You tell me sorry news. I am sorry for Avorthal, though I have not met him. And I equally feel sorry for his father. No man deserves to lose his only son and not know where he lies. Funny, but such a scenario is familiar to me somehow.
So, you have met Senrathalion? I confess, I do not know the other one, but before father and your mother met, I spent some time around his family when I resided in Mirkwood before you were born. Believe it or not, I learnt to wield a sword at his and his father’s tutoring.
And runes? You mock me, or worse. Surely you remember the last time I played with such things? Nearly burnt my eyebrows off. No, I shall keep by my sword. And whilst you’re taken to making jokes about my ability with them, don’t forget: I always beat you in a fight. In the same way, I’ll continue to cut down these cursed wolves.
Speaking of which, their attacks have increased in number tenfold since my last letter. Many of the other farmers are hiring guards or warriors of certain forms to look after their sheep and fields. Father, in his natural state of stubbornness, have refused to do any such thing. His cursed mistake.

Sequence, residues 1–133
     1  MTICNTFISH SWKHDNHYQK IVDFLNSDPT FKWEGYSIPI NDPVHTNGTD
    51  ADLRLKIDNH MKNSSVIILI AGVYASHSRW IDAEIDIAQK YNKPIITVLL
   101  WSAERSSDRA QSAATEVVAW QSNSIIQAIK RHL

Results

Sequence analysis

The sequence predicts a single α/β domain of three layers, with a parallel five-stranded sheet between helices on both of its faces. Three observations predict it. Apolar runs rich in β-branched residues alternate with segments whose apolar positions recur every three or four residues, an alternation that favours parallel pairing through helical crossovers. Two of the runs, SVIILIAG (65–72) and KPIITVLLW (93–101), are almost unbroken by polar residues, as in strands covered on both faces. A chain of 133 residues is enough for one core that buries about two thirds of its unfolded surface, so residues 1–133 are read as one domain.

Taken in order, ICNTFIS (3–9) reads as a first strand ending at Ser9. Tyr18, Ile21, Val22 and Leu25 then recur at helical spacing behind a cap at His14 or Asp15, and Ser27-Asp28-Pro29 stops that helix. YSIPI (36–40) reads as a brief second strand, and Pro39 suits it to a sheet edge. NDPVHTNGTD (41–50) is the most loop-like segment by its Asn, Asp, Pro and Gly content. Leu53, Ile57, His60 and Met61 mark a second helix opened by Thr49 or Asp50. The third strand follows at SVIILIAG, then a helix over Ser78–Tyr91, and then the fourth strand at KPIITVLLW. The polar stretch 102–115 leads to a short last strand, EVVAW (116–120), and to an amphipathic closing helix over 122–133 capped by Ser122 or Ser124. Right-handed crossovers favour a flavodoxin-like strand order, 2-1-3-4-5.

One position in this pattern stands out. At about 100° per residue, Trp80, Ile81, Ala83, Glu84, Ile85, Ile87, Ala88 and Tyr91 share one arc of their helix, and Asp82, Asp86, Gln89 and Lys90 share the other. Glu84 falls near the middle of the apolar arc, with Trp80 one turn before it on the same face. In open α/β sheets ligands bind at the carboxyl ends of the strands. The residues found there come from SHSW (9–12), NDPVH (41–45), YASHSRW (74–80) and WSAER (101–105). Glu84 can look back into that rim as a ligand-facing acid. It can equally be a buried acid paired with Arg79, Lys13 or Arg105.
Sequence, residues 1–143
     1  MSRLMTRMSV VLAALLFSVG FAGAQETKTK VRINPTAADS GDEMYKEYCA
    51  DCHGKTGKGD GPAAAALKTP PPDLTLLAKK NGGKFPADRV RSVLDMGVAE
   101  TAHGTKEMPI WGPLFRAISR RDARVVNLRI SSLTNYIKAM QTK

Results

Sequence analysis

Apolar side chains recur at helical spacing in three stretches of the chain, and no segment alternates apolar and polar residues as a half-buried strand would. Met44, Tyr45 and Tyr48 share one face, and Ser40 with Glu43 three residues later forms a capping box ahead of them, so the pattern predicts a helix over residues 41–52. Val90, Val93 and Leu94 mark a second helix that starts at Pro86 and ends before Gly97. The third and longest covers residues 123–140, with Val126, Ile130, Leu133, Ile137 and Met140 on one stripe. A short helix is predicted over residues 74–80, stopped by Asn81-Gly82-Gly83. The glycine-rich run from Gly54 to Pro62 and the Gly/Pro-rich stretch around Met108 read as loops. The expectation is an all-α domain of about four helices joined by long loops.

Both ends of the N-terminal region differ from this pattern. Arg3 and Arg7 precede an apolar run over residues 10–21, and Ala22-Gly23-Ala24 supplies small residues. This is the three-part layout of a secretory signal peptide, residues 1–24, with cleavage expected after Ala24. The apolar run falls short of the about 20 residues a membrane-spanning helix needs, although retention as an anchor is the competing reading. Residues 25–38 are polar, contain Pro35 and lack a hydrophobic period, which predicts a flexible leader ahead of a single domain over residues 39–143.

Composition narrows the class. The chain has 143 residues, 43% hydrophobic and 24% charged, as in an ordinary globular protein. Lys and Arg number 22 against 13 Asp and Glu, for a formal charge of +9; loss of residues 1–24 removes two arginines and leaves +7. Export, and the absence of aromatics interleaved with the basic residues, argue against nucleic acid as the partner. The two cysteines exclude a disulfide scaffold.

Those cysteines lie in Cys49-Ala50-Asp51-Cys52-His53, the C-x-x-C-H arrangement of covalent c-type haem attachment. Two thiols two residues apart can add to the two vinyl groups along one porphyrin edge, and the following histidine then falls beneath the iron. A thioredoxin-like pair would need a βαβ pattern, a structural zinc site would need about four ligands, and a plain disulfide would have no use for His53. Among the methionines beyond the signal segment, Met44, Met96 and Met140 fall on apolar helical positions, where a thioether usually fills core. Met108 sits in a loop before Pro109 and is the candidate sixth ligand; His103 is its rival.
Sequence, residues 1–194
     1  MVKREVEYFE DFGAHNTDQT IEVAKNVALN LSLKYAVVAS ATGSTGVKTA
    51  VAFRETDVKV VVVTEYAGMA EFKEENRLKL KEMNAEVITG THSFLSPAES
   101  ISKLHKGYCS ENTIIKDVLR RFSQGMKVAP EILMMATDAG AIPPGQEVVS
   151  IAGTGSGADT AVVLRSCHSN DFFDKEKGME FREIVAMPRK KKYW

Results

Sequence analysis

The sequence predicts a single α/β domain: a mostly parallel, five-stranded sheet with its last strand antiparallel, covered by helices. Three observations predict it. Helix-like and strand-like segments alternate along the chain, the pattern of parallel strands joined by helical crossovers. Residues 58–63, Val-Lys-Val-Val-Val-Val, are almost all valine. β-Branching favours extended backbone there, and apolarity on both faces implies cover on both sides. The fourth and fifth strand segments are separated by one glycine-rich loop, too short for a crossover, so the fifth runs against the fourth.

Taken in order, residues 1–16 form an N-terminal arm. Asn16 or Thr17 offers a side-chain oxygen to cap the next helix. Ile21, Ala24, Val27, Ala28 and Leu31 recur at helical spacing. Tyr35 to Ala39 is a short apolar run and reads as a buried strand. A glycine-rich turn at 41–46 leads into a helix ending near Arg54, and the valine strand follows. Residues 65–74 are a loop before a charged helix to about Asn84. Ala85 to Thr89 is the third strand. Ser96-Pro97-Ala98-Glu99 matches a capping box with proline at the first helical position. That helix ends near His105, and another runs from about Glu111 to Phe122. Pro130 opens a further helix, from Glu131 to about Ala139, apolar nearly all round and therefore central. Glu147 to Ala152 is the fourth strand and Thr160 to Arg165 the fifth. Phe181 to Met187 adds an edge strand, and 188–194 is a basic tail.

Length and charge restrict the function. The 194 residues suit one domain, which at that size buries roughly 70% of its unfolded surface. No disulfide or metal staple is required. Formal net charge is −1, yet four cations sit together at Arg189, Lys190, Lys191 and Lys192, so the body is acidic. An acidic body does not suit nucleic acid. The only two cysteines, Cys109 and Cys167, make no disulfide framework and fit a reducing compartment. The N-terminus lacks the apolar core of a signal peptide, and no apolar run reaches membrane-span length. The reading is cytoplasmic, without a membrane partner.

Last week, he was out in the fields harvesting, when a couple of the massive beasts (or at least larger than usual) came out at him. Father is old—or at least older among our people—and he has considerable skill with the sword. Still, my late mother always used to say about him, “Arrogance plus stubbornness will get him killed one day.” Thankfully, she was not wholly right. I only saw the latter part of the instance, and depending upon whom you ask, I might have saved his life. The wolves were more vicious this time, and one succeeded in tackling him. I held my bow straight and let the arrow pierce its eye. I shall not elaborate further, but let it be said father did not escape entirely unscathed.
That cut could have been made with a jagged blade … tore up the skin horribly. Were it not for your mother’s healing prowess, it might have become infected. Speaking of her, she thinks bad-luck has cursed our family, and you’re the catalyst. Whenever something bad happens, however serious it may be, she’ll say, “Since Arad ran off …” or something of the like. I believe that father has forgiven you, and the only offence I ever took to you was the harm you did to him. But mother … well, it will be a while before she quiets down, and knowing women, some amount of time will pass before she truly forgives you.
On that lovely note, I shall finish this letter. By the time of your next letter I shall be on my way to Bree, so expect mine late. Despite your mother’s aforementioned healing ability, father is still not healing properly, or at least in time. The harvest is coming, and he is unable to help, so I must get either an extremely talented healer, or some farm help in that city of halflings and men. Who knows, you may see me post my next letter from Bree.